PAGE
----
MemberMarch 25, 2021 at 12:46 am
Here is an excerpt from my diary of the Karkom archaeological survey, dated 11 April 2004.
“We saw many standing stones, rock art and shrines. Some were damaged. The hikers push them over or re-arrange the stones. Anati seems less distressed about this than I thought he would be. We went right across the plateau to the eastern side, to the Paleolithic sanctuary, where there is a great view of Nahal Paran, and the hills of Edom, 75 km away. The Paleolithic sanctuary is at the head of a difficult trail up to the mountain from the eastern (Paran) valley and consists of many large flint cores which have been stood on end to resemble a crowd of people. Flint cores tend to come in strange fluid shapes and have rich rust- and ochre-coloured patina. Many of these stones have been chosen for their human-like form. This site is also now damaged. Some of the flint cores have been toppled, others erected and hikers have built their own figures by balancing stones on top. Anati asked me to take them all down.
“We had a small break and ate our snacks here overlooking the hazy grey deeply grooved wasteland of the Paran Valley. Xxxxxx pointed out the area of the airforce firing range that we drove through with yyyy in ’98. I had some questions and doubts about the mountain which today were mostly cleared. I asked Anati why this mountain was holy when it did not appear to be particularly impressive or prominent. He explained that Indo-European people expect their holy sites to be visible, external and awesome. The Semitic concept of ‘holy’ is hidden, modest and private (like the word harem). Therefore Har Karkom is anomalous to most, including modern Israelis, who doubt that an obscure mountain in their own back yard could be their principal holy site after Mount Zion.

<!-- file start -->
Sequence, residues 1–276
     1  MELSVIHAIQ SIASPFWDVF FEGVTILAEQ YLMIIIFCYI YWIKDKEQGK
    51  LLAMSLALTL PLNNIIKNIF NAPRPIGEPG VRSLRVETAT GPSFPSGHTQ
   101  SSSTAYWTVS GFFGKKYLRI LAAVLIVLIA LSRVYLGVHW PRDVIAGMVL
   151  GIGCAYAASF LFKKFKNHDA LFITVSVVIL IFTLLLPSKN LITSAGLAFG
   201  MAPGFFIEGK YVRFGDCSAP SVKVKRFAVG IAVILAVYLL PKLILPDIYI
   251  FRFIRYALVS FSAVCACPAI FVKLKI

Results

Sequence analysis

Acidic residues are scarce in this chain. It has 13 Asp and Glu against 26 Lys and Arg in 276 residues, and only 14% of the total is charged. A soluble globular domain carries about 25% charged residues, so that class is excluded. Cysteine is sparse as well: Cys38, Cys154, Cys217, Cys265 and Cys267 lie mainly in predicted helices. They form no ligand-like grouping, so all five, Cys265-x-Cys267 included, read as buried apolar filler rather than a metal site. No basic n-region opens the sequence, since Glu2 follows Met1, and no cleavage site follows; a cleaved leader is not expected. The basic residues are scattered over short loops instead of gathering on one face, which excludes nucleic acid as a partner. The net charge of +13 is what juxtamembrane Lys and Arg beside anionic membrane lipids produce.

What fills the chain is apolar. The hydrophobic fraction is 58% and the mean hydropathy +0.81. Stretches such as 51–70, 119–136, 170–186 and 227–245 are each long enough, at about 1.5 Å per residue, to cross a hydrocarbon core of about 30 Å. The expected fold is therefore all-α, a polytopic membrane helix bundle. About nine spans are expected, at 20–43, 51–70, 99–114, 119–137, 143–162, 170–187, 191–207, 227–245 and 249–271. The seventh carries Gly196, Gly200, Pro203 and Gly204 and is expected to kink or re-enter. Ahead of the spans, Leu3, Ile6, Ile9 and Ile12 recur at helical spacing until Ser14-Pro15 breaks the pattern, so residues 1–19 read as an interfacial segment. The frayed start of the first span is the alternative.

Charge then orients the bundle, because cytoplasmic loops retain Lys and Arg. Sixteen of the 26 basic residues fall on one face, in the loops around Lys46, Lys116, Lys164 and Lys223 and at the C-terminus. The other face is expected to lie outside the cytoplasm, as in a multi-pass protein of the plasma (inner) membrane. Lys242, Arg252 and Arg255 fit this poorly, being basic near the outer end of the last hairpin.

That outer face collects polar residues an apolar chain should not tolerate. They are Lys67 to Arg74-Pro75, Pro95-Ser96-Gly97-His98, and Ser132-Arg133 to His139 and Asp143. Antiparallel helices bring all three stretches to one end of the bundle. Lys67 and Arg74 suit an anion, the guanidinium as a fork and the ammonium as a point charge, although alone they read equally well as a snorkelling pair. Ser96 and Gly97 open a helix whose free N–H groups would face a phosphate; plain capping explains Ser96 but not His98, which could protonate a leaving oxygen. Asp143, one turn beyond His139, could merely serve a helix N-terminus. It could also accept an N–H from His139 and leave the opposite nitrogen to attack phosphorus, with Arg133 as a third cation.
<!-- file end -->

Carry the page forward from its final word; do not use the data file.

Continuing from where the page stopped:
Although Karkom is the major plateau of the southern Negev Heights and can be seen from the southern rim of the Ramon crater and from all along the mountains of Edom, there are other higher peaks nearby. Har Saggi and Jebel Araif en-Naqa (on the Egyptian side, hence the Arabic name) are higher and more ‘compact’, but neither of these is holy to the Arabs and has no ancient cultic remains. It makes sense to me that Karkom has been holy for millennia and yet is tucked away, for the Temple Mount is also nested among other higher hills and is not geographically impressive. I am very relieved at this new perspective. There is no doubt from the archaeology of the area that these two insignificant peaks on top of a flinty wasteland plateau are a major Semitic holy site… but for what reason? It seems it was already a holy site when it was first introduced into the record as “the Mount of God, Horeb” (Ex 3:1), and there are camping remains and sacred rock art here from the dawn of history.”